Jeff Ballantyne has seen all kinds of traffic come across the weigh scale at the Elmira Truck Wash: tractors, transport trucks, pickup trucks, RVs. You can even hop up there yourself if you feel the urge; the scale is accurate to within a pound or two and has been certified by Measurement Canada.
The 80-foot hydraulic scale is open to the public 24 hours a day, the same as the truck wash that Ballantyne opened June 1.
The impetus for opening the scale was the same as the truck wash: there wasn’t anything like it in or around Elmira. After the truck wash opened, Ballantyne heard from a number of drivers who commented on the need for a scale.
“There’s a lot of owner-operators and some smaller trucking companies that don’t have their own scale,” Ballantyne noted.
Use of the scale hasn’t stopped at trucks, though; Ballantyne has watched with interest as all sorts of vehicles have made their way across.
Paying for use of the scale is as simple as entering your name and billing address and leaving one copy of the weigh slip in a basket. Drivers who have an account for the truck wash can also add the weigh scale to their monthly bill.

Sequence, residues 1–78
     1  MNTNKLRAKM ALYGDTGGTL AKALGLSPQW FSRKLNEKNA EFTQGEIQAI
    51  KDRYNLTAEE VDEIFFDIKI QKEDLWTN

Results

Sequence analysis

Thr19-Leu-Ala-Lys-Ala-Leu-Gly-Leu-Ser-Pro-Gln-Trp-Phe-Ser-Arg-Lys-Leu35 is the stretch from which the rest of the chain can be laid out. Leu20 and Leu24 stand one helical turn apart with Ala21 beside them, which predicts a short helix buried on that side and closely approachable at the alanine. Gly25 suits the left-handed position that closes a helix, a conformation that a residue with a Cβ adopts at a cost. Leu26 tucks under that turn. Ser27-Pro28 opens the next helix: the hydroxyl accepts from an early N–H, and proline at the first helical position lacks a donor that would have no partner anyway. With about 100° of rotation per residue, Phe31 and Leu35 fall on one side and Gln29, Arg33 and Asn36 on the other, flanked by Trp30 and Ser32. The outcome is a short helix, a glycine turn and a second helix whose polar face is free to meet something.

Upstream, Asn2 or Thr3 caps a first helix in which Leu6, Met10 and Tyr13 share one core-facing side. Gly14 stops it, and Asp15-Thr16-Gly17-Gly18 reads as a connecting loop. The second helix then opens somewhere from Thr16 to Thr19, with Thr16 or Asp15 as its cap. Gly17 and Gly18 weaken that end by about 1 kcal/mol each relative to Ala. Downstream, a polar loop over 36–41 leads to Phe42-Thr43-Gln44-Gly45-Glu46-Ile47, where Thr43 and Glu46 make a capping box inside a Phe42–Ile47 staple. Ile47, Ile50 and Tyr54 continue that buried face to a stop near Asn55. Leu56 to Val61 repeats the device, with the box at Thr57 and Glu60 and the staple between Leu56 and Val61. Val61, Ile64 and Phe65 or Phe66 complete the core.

The truck wash offers a cleaning bay with automated roll-up doors and 80-foot catwalks running down each side of the bay. The floors are heated and the building will be kept at a comfortable 20 degrees Celsius in winter. The hoses pipe soft water, to prevent streaking, and a ventilation system prevents fogging.
The Union Street location was carefully thought out; in the Elmira industrial park, it’s close to Elmira Truck Service and positioned to pick up truck traffic coming either way through Elmira.
The building has space for a second wash bay to be installed eventually. All the wiring and piping is already in place; with the addition of catwalks and hoses, it could be up and running in a few weeks.
There’s also space for what will eventually be a reception area and offices.
Expansion is still in the future, though; the truck wash has only been up and running for four months. Business picks up later in the day and through the evening, when drivers are no longer trying to beat the daytime rush to their destination.
Business has been quite brisk; more so than Ballantyne expected, in fact.
“It’s been a bad summer for a truck wash with all the rain, but actually it’s gone a lot better than I thought it would to begin with,” he commented.